One Career Fire Fighter/Paramedic Dies and a Part-time Fire Fighter/Paramedic is Injured When Caught in a Residential Structure Flashover - PowerPoint PPT Presentation

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One Career Fire Fighter/Paramedic Dies and a Part-time Fire Fighter/Paramedic is Injured When Caught in a Residential Structure Flashover

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Title: One Career Fire Fighter/Paramedic Dies and a Part-time Fire Fighter/Paramedic is Injured When Caught in a Residential Structure Flashover


1
One Career Fire Fighter/Paramedic Dies and a
Part-time FireFighter/Paramedic is Injured When
Caught in a ResidentialStructure Flashover
Illinois
2
Department Make-up
  • Career Department
  • 15 full-time
  • 17 part-time
  • 20,000 population in 4 sq miles
  • 3 engines, 1 aerial, 2 ALS ambulances, 1 squad
  • Typically 4 6 personnel per shift with Lt in
    command vehicle

3
Department Make-up
  • Minimum manning 5
  • 3 for engine
  • 2 for ambulance
  • Depending on call crew took engine, ladder or
    squad
  • Rely heavily on mutual aid (regionalization)

4
The Structure
  • One-story wood-frame built in 1951
  • 950 sq feet of living space
  • Built on concrete slab
  • 2 car garage on D-side connected by a family room
    addition.

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6
http//maps.google.com/maps?hqhttp//maps.google.
com/help/maps/tour/mapleft.kml1/maps?hlenz2u
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Wednesday, March 31, 2010 17616 Lincoln Avenue in
Homewood, Illinois
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9
17622 Lincoln Avenue in Homewood
17622 Lincoln Avenue in Homewood
17622 Lincoln Avenue in Homewood
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11
B/C CORNER
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13
Incident Information
  • March 30, 2010
  • Approximately 9pm 53o
  • 5 people on duty
  • Typical dispatch for structure assignment
  • Lt and 2 FF on Engine
  • 2 FF/PM on ambulance

14
Timeline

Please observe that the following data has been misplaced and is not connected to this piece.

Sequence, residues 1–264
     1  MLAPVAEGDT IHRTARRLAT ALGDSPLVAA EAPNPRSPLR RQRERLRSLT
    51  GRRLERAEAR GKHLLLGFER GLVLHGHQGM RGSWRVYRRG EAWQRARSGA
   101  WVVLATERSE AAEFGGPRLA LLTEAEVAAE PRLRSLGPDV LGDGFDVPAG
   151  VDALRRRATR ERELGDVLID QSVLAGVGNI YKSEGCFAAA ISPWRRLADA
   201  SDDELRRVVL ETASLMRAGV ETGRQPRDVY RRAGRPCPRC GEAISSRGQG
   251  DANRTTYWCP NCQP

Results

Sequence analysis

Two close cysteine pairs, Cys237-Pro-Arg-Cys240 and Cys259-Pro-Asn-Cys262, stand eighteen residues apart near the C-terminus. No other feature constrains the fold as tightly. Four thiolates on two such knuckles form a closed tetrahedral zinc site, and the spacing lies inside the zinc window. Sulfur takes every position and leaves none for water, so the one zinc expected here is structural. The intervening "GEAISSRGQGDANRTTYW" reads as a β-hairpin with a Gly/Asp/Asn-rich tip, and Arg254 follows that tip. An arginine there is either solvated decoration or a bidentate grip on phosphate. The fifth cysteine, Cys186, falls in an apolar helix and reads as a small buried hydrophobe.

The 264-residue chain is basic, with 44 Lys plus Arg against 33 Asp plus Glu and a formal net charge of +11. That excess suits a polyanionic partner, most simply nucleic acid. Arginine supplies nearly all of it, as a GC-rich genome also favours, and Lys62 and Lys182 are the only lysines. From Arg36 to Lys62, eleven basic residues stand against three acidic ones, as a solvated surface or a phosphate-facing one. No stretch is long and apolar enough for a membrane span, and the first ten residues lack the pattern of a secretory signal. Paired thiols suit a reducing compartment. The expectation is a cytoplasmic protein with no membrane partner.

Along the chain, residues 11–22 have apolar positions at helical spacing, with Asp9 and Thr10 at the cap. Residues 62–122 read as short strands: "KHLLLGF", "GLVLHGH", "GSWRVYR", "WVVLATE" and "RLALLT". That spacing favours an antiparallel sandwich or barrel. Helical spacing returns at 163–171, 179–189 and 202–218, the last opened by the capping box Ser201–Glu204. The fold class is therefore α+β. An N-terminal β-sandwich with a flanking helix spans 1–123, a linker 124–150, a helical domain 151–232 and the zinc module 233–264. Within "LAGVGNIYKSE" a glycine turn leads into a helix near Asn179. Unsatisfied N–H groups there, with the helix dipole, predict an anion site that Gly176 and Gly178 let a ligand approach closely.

• 2055 911 Call received
  • 2057 Units dispatched
  • E534 Lt and 2 FF
  • A564 2 FF/Medics
  • T1220 Lt and 3 FF
  • E1340 Lt and 4 FF
  • T1145 Lt and 3 FF
  • S440 Lt 3 FF
  • 2101 E534/T1220/A564 On Scene

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16
Timeline
  • 2103 E1340 On Scene
  • 2106 T1145/S440 On Scene
  • 2109 Flashover and FF down

17
Illinois - LODD
18
Illinois - LODD
19
Scene conditions after crews advanced inside.
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29
Contributing Factors
  • Well involved fire with entrapped civilian upon
    arrival
  • Incomplete 360 degree situational size-up
  • Inadequate risk-versus-gain analysis
  • Ineffective fire control tactics
  • Failure to recognize, understand, and react to
    deteriorating conditions

30
Contributing Factors
  • Uncoordinated ventilation and its effect on fire
    behavior
  • Removal of self-contained breathing apparatus
    (SCBA) facepiece
  • Inadequate command, control, and accountability
  • Insufficient staffing.

31
Key Recommendations
  • Ensure that a complete 360 degree situational
    size-up is conducted on dwelling fires and others
    where it is physically possible and ensure that a
    risk-versus-gain analysis and a survivability
    profile for trapped occupants is conducted prior
    to committing to interior fire fighting
    operations
  • Ensure that interior fire suppression crews
    attack the fire effectively to include
    appropriate fire flow for the given fire load and